I just finished reading an historical novel Wolf Hall by Hillary Mantel. It was kind of long, and the people talked funny, but I liked it. It told the story of Thomas Cromwell’s life journey from a wretched abusive childhood to becoming Henry VIII’s right hand man. Cromwell was largely responsible for Henry’s divorce and the demise of the Catholic Church in England.

Though Cromwell was born a lowly commoner, he achieved great fame and fortune by mastering detail and knowing where all the bodies were buried. He was able to stay on top for a long time despite the many shifts in Henry’s moods and the noble’s shifting loyalties. He became the indispensable man.

Five hundred years later things probably haven’t changed all that much in government. Tom Barwin (Village Manager), Albert Brooks (Superintendent of District 97), Steve Isoye (Superintendent of District 200) and Gary Balling (Executive Director of Parks and Rec) are the Cromwells of our Village. Their professional expertise, experience, and mastery of the day-to-day operations of their respective enterprises coupled with their being the boss make them at least as influential as the bodies to whom they report. Like Cromwell, they are essential to turning the gears of government.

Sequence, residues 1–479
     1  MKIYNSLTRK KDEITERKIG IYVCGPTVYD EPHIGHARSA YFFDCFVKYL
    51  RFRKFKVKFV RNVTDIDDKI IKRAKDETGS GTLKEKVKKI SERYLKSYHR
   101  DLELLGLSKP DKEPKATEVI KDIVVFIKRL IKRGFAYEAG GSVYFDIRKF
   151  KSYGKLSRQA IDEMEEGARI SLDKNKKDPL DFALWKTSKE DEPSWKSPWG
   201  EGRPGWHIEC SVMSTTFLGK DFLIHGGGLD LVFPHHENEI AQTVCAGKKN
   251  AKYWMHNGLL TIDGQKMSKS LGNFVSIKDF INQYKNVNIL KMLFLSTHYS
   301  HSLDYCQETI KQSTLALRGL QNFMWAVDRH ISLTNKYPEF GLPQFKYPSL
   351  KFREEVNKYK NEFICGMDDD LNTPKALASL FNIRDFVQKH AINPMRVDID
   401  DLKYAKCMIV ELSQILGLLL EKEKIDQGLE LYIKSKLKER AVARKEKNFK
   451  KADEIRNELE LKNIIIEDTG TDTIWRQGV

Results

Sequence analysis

From my personal experience a long time ago as a District 97 Board Member, I can assure you I was no match to debate school finance or building operations and maintenance with District 97 administration.

However, there is at least one big difference between Thomas Cromwell and the modern administrator. Cromwell’s service ended with his heading being chopped off. Today such service ends in a severance package. And so civilization progresses.

Join the discussion on social media!

John Hubbuch

John is an Indiana native who moved to Oak Park in 1976. He served on the District 97 school board, coached youth sports and, more recently, retired from the law. That left him time to become a Wednesday...

3 replies on “Thomas Cromwell and local government”